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Cloud, AI key to unlocking insights from geospatial temporal data – Kathryn Guarini, IBM

Kathryn Guarini, vice president, Industry Research, IBM

Geographic information systems (GIS) have been used successfully for a long time to extract insights from static, geo-coded “vector” information such as points, lines, and polygons. However, traditional GIS is hitting scalability limits as a result of the emergence of “mega” Big Data in the form of geo-coded imagery from drones and satellites and time-series Internet of Things (IoT) data. We expect to see a major shift in 2019 to address this issue, driven by the confluence of massive geospatial-temporal data together with advances in Cloud computing, advanced machine learning, and artificial intelligence (AI). New innovations are helping businesses in different industries as diverse as energy and utilities, finance, insurance, and governments capture the full value of this ever-growing, ubiquitous, and vitally-important class of information.

Seeing the larger picture

Today, geospatial-temporal data remains relatively “dark” compared to other kinds of data, in large part due to its size. Consider the fact that some data sets now grow by tens or even hundreds of terabytes per day, making traditional approaches of downloading information and working with geo-coded imagery on a “file-based” level, a daunting quest for obtaining timely insights for geospatial-temporal use cases.

Beyond its complexity and the enormous size of this data, the level of “indexing” for geo-coded imagery from drones and satellites is insufficient. For example, the data from the World Wide Web has been indexed such that we can search or query billions of Web pages within a fraction of a second using a few search criteria or keywords. In contrast, until recently it has not been possible to query petabytes of satellite information rapidly given a few search criteria.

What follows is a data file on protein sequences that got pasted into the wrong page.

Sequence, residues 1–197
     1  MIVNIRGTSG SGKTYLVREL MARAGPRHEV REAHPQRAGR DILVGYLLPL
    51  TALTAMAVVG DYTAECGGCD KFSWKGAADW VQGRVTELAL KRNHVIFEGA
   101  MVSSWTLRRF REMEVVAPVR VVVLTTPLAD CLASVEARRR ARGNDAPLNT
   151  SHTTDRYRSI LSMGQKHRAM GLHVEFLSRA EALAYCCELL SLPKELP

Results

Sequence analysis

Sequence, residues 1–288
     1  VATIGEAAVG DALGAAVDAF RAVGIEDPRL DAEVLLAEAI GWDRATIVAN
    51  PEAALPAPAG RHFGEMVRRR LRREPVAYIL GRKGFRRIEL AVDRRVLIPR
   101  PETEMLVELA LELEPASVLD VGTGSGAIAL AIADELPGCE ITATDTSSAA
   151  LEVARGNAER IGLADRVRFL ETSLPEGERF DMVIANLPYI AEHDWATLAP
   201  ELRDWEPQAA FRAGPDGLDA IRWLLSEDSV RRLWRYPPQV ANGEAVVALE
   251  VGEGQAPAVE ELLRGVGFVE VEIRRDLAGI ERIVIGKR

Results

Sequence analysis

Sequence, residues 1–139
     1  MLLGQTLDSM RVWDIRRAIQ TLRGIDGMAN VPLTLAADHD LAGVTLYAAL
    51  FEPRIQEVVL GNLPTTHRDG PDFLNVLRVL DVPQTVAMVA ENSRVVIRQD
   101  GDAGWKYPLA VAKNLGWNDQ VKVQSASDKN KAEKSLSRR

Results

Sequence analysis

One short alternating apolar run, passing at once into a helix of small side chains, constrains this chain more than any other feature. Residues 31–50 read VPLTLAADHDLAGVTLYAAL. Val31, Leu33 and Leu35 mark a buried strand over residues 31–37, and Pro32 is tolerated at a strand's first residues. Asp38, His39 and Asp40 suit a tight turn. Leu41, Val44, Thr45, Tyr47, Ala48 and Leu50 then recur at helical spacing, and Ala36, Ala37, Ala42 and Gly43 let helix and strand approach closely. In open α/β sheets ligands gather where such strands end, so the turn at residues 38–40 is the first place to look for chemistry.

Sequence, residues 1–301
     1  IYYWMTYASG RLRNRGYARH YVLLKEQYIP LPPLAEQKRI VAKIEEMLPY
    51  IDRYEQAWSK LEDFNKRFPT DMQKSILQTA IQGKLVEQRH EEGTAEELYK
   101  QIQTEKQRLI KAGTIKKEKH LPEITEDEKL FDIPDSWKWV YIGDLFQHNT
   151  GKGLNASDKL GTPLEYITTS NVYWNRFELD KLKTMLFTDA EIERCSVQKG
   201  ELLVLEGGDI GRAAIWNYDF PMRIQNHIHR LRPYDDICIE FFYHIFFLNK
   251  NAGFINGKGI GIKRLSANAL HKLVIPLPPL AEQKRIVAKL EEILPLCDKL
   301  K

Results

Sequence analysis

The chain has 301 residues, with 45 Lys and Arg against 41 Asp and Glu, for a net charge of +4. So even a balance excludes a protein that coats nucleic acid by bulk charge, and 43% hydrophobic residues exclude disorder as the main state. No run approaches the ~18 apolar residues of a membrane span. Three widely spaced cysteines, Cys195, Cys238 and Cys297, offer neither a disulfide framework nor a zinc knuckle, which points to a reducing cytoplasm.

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To address these issues, over the past several years a team at IBM Research invented a new technology called IBM Physical Analytics Integrated Data Repository & Serivces, known as IBM PAIRS Geoscope. PAIRS is a Cloud service that provides a ready-made catalog of carefully indexed, diverse, and continuously-updated geospatial-temporal information, enabling scalable access to complex queries and machine learning-based analytics and AI without the need for downloading data.

PAIRS provides four Cloud-based core services. Data or information services provides access to petabytes of up-to-date, AI-ready curated data, such as historical precipitation data and passenger traffic information for all airports in southeast Asia. Data curation services enables clients or content providers to integrate their own data into the PAIRS platform thereby allowing them to exploit, analyze, or monetize their data along with the petabytes of already-curated data. Search or query services enable rapid search given a few specific criteria (e.g., show me all places in the United States where next week’s average forecasted temperature is lower than 40F and the population density is larger than 4,000 people per square mile). Finally, PAIRS provides complete analytics platform services that enable clients to run their own custom analytics without downloading the raw information.

Examples of very challenging questions that can now be answered with PAIRS include everything from “how can we predict the corn yields in a specific region this harvest?” to “where are the most vulnerable places or biggest problems during an earthquake in a specific region?” to “where is the best place to build a wind or solar farm?” to “how can we track the spread of a wildfire?” These queries require advanced analytics, and PAIRS leverages machine learning and AI techniques to make predictions based on a complex mix of parameters, models, and historical data.

2019 will be a defining year for geospatial-temporal data as we finally see the tools needed to exploit this frontier of Big Data come to market.

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